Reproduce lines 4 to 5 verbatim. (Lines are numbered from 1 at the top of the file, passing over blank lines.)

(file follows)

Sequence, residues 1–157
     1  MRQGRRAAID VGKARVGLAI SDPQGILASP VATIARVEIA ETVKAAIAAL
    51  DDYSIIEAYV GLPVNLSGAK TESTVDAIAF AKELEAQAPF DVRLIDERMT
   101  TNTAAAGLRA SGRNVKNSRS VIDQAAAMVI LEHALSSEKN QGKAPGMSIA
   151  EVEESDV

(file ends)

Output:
   101  TNTAAAGLRA SGRNVKNSRS VIDQAAAMVI LEHALSSEKN QGKAPGMSIA
   151  EVEESDV